Microsoft releases Copilot, an AI-powered office suite, in a highly competitive marketplace with Google

Microsoft Corp. claimed about its most recent plans to put artificial intelligence (AI) into the hands of more users on Thursday in response to a flurry of announcements this week by its rival Google. Moreover, Microsoft unveiled improvements to its well-known office suite. The technology company showcased a new AI “Co-pilot” function with its Microsoft 365 product package, which includes Word documents, Excel spreadsheets, PowerPoint presentations, and Outlook emails. Microsoft claims that these apps, which are initially being tested by approximately 20 firms, would benefit from AI. This will expedite content creation and free up time for the workforce.

The Redmond, Washington-based firm demonstrated a new “business chat” experience that can collect data and execute activities across apps in response to a user’s textual demand, outperforming competitors through investments in OpenAI, the company that created ChatGPT.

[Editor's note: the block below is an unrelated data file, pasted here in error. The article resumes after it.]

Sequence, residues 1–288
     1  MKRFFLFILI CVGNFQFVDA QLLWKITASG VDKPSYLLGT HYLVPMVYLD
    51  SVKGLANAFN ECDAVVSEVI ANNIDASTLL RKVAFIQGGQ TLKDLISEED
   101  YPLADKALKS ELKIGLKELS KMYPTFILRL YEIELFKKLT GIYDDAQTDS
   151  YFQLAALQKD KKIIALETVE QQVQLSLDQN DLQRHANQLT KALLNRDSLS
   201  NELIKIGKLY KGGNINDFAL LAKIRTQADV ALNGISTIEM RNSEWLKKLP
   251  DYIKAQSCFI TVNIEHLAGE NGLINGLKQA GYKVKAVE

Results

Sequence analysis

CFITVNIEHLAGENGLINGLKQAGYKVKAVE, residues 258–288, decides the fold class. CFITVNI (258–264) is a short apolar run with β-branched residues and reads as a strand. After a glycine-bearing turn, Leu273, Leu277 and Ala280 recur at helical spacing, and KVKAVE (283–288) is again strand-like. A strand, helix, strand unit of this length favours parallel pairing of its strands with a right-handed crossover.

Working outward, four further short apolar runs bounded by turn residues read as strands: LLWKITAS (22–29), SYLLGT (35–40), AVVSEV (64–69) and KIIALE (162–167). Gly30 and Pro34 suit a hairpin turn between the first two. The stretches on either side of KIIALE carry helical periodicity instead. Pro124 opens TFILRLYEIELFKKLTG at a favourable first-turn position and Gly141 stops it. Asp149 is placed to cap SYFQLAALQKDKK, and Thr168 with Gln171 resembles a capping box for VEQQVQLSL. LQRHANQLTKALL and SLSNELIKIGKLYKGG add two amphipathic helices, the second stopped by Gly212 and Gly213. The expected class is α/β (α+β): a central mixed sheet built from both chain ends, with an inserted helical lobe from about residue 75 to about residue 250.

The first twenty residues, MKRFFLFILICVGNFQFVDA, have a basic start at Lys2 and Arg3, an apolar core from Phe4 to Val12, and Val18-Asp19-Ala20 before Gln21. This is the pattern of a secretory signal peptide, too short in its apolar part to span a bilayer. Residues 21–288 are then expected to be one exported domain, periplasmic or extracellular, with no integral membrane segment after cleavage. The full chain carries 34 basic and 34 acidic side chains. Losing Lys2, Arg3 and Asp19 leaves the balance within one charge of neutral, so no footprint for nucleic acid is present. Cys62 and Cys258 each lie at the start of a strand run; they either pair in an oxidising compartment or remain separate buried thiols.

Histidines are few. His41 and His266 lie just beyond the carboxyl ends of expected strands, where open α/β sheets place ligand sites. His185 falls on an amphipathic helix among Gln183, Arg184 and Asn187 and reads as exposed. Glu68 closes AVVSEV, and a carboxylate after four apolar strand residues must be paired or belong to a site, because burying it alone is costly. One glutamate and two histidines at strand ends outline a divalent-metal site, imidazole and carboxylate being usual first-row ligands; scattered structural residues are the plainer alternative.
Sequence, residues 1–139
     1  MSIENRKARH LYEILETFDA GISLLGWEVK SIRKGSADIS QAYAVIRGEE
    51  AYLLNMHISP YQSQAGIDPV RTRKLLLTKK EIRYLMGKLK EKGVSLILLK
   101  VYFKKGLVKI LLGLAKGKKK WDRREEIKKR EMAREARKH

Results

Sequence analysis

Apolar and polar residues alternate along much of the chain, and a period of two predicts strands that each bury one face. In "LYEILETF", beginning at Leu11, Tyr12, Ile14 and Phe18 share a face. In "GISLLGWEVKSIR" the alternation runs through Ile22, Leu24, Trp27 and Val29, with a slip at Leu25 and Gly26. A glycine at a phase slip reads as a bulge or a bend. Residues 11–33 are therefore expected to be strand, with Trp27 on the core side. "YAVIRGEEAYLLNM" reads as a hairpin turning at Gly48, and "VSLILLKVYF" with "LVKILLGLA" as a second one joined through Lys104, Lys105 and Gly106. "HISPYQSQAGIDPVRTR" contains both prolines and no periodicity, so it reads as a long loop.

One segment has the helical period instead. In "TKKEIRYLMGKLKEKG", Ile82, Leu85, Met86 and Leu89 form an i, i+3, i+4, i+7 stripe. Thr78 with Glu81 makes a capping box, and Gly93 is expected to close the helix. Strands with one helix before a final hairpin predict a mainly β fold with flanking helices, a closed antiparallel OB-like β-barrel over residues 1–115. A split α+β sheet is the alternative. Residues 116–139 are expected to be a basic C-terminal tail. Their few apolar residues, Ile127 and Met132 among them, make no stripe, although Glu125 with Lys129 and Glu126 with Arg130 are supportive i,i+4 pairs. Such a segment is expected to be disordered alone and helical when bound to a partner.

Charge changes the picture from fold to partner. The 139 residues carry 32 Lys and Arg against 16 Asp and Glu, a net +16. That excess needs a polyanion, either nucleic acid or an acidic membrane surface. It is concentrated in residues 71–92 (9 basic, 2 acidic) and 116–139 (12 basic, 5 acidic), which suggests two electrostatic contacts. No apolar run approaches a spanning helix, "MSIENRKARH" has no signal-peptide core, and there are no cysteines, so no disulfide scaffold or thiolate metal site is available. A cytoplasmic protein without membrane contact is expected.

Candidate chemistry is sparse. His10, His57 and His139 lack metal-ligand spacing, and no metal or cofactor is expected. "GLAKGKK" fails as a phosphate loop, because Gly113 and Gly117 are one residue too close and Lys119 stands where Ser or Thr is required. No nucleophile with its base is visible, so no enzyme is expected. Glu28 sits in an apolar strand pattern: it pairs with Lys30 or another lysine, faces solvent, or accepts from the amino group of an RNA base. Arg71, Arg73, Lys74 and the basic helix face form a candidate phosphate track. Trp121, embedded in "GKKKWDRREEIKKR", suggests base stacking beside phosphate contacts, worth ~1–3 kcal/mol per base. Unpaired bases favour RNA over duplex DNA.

According to Microsoft, AI can make spreadsheet software’s numerical prowess—previously the exclusive preserve of professional analysts—available to anybody who can specify a desired calculation in plain text. Microsoft claimed its Co-pilot can summarise virtual meetings as they occur in its Teams collaboration platform, similar to the live notes that Google demonstrated to reporters this week.